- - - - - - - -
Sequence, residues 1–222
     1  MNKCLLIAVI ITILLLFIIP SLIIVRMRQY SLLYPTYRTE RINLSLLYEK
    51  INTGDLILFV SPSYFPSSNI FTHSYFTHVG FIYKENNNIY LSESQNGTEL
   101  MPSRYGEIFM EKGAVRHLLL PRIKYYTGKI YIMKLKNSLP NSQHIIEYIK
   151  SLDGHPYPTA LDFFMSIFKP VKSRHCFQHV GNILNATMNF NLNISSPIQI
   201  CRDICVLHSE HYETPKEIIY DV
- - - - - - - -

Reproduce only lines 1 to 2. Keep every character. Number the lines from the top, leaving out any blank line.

Sequence, residues 1–222
     1  MNKCLLIAVI ITILLLFIIP SLIIVRMRQY SLLYPTYRTE RINLSLLYEK